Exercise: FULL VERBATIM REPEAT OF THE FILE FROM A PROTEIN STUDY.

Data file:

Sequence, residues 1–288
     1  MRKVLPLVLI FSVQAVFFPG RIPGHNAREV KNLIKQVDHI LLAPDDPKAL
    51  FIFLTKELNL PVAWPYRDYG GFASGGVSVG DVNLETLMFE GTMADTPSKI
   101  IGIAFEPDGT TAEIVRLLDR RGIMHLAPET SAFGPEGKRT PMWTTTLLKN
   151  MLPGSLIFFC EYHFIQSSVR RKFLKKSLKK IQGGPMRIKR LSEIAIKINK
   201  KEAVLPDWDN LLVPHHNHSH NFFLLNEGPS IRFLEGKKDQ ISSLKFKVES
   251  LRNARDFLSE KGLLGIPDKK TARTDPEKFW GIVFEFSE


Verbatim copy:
Sequence, residues 1–288
     1  MRKVLPLVLI FSVQAVFFPG RIPGHNAREV KNLIKQVDHI LLAPDDPKAL
    51  FIFLTKELNL PVAWPYRDYG GFASGGVSVG DVNLETLMFE GTMADTPSKI
   101  IGIAFEPDGT TAEIVRLLDR RGIMHLAPET SAFGPEGKRT PMWTTTLLKN
   151  MLPGSLIFFC EYHFIQSSVR RKFLKKSLKK IQGGPMRIKR LSEIAIKINK
   201  KEAVLPDWDN LLVPHHNHSH NFFLLNEGPS IRFLEGKKDQ ISSLKFKVES
   251  LRNARDFLSE KGLLGIPDKK TARTDPEKFW GIVFEFSE